Simple Swaps for Kind Kids on School Holidays

Just because school’s out doesn’t mean kids aren’t learning, so let’s make sure we’re teaching them kindness.

Most children love animals, so it’s important that parents aren’t spending money and time trying to please their kids while contributing to industries and companies that hurt animals.

Here are some simple swaps for enjoying school holidays at home or abroad with respect for all sentient beings.

Instead of going to the zoo, take your children to an animal sanctuary.

Even under the best of circumstances at the best of zoos, captivity cannot begin to replicate wild animals’ natural habitats. Animals are often prevented from doing most of the things that are natural and important to them, like running, roaming, flying, climbing, foraging, choosing a partner, and being with others of their own kind.

Zoos teach children that it’s acceptable to interfere with animals and keep them locked up in captivity, where they’re frustrated, lonely, deprived of all control over their lives, and far from their natural homes.

Instead of taking children to a place that makes money from keeping animals incarcerated, take them to an animal sanctuary that rescues and rehabilitates animals in need. Genuine sanctuaries never breed animals or use them in commercial activities.

Instead of supporting a circus that uses and abuses animals, take your children to an animal-free circus.

Lions, monkeys, and other animals used by circuses to entertain audiences don’t jump through hoops or balance on pedestals because they want to. They perform these and other difficult tricks because they’re afraid of what will happen if they don’t – and children shouldn’t be led to see such animal abuse as normal.

Thankfully, animal-free circuses such as New South Wales’ Flying Fruit Fly, Zirka Circus, Circus Oz, and Cirque du Soleil provide cruelty-free spectacles for us to behold.

Instead of heading to an aquarium or marine park, take your children snorkelling or boating.

In the multimillion-dollar aquarium industry, some of the world’s most sensitive and intelligent animals are kidnapped and forced to live inside cramped enclosures that are only dismal imitations of their natural ocean home.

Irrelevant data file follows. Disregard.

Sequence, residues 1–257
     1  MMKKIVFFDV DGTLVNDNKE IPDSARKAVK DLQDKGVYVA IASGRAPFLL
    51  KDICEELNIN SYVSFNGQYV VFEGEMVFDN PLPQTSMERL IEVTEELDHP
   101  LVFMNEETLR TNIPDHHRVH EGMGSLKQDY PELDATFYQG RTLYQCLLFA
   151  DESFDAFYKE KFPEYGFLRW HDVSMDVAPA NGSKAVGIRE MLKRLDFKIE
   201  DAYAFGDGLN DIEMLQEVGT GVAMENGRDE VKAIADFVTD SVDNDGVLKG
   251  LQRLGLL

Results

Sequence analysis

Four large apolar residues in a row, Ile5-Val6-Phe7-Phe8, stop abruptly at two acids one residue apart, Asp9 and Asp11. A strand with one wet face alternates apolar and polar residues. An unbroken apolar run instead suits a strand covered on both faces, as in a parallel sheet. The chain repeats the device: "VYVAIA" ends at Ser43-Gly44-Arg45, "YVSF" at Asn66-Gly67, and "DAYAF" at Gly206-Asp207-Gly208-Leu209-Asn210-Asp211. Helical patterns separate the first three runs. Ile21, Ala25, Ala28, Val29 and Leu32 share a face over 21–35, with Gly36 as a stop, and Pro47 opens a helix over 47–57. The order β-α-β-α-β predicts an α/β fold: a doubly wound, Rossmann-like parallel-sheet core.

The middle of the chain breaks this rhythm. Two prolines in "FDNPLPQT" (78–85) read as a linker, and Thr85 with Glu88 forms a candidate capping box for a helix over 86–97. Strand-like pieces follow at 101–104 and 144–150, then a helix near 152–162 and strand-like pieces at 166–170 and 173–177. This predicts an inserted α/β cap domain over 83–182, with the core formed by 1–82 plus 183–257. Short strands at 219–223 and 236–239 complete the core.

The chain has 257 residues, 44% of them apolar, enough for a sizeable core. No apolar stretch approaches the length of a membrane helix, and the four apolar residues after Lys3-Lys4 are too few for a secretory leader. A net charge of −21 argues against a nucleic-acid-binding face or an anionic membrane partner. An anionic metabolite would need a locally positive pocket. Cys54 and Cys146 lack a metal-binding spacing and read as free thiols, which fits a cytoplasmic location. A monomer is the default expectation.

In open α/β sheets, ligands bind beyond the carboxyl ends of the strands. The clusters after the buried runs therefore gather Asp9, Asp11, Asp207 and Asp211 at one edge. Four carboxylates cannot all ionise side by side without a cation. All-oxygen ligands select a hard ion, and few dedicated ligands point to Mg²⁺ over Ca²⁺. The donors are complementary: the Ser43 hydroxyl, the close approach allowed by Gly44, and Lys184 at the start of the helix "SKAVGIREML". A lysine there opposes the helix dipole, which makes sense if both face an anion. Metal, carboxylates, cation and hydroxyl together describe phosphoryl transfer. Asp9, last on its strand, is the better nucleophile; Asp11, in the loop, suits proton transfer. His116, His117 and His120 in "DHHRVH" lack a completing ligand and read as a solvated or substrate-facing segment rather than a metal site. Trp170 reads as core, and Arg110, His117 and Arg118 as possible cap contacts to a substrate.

From giant sharks to tiny seahorses, the animals exploited by aquariums in Australia all suffer. Instead of navigating vast oceans, they’re confined to glass tanks – where they’re exposed to flashing lights, loud noises, and crowds – and denied the opportunity to engage in their natural behaviour.

Snorkelling and boating are excellent ways for your children to experience a huge variety of tropical or freshwater fish, sea turtles, eels, rays, and other animals in their natural homes, on their own terms.

Instead of fishing for animals, take your children “fishing” for rubbish.

Fishing is not a wholesome parent/child activity. When fish are yanked from the water, they begin to suffocate. Their gills often collapse, and their swim bladders can rupture because of the sudden change in pressure. Numerous scientific reports from around the world confirm that fish feel pain.

Fish who are released after being caught can suffer from loss of their protective scale coating that makes them vulnerable to disease, a dangerous build-up of lactic acid in their muscles, oxygen depletion, and damage to their delicate fins and mouths. An estimated 60% of fish thrown back into the water after being caught will die shortly thereafter.

Why not do your bit and help your children do theirs by taking them to a local beach to “fish” for rubbish instead? Consumer items such as soda cans and plastic bottles can be deadly for unsuspecting wildlife and even dogs and cats. A day at one of the country’s countless beautiful beaches can be very fun and fulfilling for children – and they may even spot marine life in their natural environment.

Instead of riding horses, take your children to a botanical garden or park.

In a perfect world, horses would be free to pursue their own lives, and humans wouldn’t make selfish demands of them. They’re herd animals who, in nature, associate with other members of their large groups, graze in meadows, travel great distances, play, and engage in courtship behaviour. They have needs, wants, and interests that are entirely independent from what humans ask of and expect from them.

Horses deserve to live as nature intended. We can connect with them in our care and have a meaningful and mutually beneficial relationship with these sensitive animals without climbing on top of them.

Instead, you can have a picnic lunch with your children and spend an hour or two at a park or green space, where you can observe wildlife such as birds, lizards, and many other animals. Or you can immerse your senses in a botanical garden or conservatory, where you can see, smell, and touch plants from around the world.

Looking for other school holiday ideas? Why not try some of these free and fun kid-friendly vegan recipes by Sara Kidd or even have a go at making edible playdough?

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